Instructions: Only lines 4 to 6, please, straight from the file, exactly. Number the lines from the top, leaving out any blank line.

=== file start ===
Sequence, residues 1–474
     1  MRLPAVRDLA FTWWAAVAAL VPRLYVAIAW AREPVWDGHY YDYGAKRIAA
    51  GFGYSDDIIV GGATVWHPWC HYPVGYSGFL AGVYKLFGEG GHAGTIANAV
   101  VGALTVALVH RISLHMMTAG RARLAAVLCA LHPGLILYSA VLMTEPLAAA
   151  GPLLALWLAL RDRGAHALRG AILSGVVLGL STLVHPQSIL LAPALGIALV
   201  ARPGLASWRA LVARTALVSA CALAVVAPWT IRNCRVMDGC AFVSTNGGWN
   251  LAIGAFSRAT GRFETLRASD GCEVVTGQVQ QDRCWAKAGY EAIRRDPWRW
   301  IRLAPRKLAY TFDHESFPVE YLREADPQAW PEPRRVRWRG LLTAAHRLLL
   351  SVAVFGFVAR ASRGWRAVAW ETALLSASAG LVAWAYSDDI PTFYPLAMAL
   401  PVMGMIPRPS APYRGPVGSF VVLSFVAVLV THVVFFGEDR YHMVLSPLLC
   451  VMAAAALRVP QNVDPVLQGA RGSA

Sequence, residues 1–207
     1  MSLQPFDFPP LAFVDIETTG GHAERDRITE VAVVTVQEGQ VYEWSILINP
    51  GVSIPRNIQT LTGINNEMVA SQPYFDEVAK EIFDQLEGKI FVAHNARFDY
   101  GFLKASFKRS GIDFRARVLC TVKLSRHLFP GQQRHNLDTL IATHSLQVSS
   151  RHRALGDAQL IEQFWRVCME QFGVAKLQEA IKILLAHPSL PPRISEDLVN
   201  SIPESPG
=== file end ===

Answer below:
   101  VGALTVALVH RISLHMMTAG RARLAAVLCA LHPGLILYSA VLMTEPLAAA
   151  GPLLALWLAL RDRGAHALRG AILSGVVLGL STLVHPQSIL LAPALGIALV
   201  ARPGLASWRA LVARTALVSA CALAVVAPWT IRNCRVMDGC AFVSTNGGWN